Finally, these fast-moving flows of particles also penetrate the Earth's upper atmosphere, where they generate such thermal and dynamic effects that scientists wonder whether they are not having a long-term influence on the atmosphere as a whole and climate patterns.

As all these examples testify, the stormy relationship between the Sun and Earth across the interplanetary medium has significant repercussions on human activity. That is why detailed study of the phenomena involved has gradually come to be seen as a major objective of modern science. The satellites launched during the first forty years of the conquest of space have revealed that the magnetosphere is a structured medium, dominated by the Earth's magnetic field and stretching more than 60 000 kilometres towards the Sun, but our knowledge of the physics remains fairly sketchy.

"What we are now aiming for is a precise understanding of how the Earth's magnetic shield interacts with the solar wind flow. We are hoping to identify the mechanisms that move matter and propagate energy, and thus try to see whether the consequences of magnetic storms can be forecast," explains Rudolf Schmidt, Cluster Project Scientist at ESA.

With its four satellites and the ultrasensitive measuring instruments on board, Cluster offers unprecedented facilities for finding answers to these questions.

Unlike all the previous probes that have travelled through the magnetosphere individually or two at a time at most, Cluster will take simultaneous measurements from four points in space. It will therefore deliver information on the three-dimensional structures of the phenomena it records and separate data on changes in them over time. Scientists are therefore expecting to obtain an infinitely more detailed description of the system of gases, currents and fields in perpetual motion making up the Earth's electromagnetic environment.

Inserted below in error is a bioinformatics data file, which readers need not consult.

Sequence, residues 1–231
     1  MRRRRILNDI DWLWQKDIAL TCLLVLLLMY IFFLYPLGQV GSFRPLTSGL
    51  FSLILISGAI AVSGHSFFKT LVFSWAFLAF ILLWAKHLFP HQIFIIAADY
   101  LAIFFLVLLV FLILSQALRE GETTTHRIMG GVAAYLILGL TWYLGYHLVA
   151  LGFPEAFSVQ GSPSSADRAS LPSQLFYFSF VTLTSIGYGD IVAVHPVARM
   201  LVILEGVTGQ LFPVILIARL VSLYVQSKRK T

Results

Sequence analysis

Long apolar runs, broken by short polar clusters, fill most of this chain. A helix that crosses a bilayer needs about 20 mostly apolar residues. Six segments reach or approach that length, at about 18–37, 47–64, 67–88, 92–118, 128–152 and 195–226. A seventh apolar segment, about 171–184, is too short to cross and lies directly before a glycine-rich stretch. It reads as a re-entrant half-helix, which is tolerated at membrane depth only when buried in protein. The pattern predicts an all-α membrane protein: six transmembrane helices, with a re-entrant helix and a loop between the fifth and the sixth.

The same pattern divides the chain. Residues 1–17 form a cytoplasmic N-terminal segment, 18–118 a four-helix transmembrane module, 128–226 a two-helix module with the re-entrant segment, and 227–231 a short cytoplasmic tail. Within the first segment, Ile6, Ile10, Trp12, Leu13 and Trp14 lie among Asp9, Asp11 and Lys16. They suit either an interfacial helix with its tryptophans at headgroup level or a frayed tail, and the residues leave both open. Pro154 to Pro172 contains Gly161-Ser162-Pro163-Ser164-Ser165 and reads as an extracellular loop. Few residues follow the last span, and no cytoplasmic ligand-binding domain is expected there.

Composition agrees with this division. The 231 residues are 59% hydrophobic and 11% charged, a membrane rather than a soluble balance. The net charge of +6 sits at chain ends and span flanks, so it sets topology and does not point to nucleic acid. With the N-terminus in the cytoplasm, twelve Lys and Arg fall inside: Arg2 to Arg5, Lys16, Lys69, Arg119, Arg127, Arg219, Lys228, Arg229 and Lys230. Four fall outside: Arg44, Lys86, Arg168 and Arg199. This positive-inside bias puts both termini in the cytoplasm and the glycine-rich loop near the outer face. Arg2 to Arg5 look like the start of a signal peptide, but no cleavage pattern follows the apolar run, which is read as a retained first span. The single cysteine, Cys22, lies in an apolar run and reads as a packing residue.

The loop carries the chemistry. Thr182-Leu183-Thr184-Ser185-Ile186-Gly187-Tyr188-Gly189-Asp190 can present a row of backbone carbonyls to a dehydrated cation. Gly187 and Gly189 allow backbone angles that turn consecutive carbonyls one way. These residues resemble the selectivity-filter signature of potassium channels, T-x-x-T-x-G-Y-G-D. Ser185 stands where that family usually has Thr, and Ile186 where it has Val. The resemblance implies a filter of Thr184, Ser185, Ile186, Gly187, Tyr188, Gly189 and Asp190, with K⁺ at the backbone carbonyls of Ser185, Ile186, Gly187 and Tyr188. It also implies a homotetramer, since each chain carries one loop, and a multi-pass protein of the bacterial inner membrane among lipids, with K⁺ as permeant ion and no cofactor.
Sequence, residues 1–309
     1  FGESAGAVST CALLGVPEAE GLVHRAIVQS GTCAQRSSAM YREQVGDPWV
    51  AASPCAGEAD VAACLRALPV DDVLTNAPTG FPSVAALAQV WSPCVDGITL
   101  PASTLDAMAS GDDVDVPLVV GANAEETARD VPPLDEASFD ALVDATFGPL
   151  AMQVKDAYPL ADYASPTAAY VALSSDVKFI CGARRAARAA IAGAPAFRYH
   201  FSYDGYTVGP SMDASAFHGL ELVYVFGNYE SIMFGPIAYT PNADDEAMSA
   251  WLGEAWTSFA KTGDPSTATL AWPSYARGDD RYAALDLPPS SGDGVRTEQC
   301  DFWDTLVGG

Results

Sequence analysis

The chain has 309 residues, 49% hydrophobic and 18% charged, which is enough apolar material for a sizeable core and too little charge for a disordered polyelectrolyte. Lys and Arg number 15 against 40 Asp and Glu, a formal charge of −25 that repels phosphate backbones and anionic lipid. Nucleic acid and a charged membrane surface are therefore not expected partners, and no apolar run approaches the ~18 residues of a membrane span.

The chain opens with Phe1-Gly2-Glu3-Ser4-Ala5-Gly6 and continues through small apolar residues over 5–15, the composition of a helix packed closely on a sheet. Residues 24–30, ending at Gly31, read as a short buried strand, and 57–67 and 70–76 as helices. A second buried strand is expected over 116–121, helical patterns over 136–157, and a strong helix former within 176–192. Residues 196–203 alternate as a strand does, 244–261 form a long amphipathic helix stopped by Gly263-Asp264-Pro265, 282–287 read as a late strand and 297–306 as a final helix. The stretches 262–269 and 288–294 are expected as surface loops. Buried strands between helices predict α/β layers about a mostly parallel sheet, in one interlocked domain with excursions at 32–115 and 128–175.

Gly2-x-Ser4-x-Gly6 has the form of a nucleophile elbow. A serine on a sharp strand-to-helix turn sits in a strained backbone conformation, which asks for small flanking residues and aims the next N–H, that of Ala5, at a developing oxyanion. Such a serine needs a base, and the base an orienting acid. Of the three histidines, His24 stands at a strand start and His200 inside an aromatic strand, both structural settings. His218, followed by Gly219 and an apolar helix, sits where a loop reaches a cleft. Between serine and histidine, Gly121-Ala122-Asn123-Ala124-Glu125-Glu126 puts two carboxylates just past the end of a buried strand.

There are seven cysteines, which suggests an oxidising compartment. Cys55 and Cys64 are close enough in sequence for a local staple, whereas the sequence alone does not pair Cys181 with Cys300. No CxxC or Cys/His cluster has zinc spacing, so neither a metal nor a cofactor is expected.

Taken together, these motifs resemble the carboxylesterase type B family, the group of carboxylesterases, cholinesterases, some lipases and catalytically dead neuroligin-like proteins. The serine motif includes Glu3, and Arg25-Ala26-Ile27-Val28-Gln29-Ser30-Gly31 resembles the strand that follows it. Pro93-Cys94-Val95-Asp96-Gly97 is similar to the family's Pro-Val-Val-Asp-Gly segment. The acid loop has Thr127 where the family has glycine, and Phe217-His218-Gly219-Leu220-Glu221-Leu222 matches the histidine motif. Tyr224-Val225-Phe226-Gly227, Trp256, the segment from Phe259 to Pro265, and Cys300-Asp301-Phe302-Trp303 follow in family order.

The satellites will be on a 125 000 km x 25 000 km orbit, flying in tetrahedral formation, the distances between them varying from 200 to 20 000 kilometres.

Four Identical Scientific Jewels

Each of the spacecraft is cylindrical in shape, 2.9 metres in diameter and 1.3 metres in height, with a mass of 1.2 tonnes of which 54% is accounted for by propellant, most of which will be consumed in hoisting the craft up to its working orbit.

During the mission the satellites will be spin-stabilised, at 15 rpm. Under the effect of this movement, four 50 m wire booms carrying electrical field instruments will be deployed transversely, along with two 5 m booms carrying magnetic sensors.

Each of the craft will be a high-performance laboratory flying eleven instruments to measure electromagnetic fields, radio waves and noise, electrons and ionised atoms in the medium. Waves emitted by the magnetosphere at frequencies between 10 and 400 kilohertz will be recorded and analysed. Electric and magnetic fields will be measured to within a few microvolts per metre and 0.25 nanoteslas (one millionth of the magnetic field detected by a compass on the Earth's surface). Electrons with energies of up to 400 kiloelectronvolts and ions up to 1500 kiloelectronvolts per nucleon will be detected.

One of the instruments, it should be noted, will not itself be probing the surrounding medium but helping the others to do so more accurately by stabilising the satellite's electrostatic potential. It will actively eliminate parasite electrostatic charges by emitting a current of indium ions of variable intensity up to 20 microamps.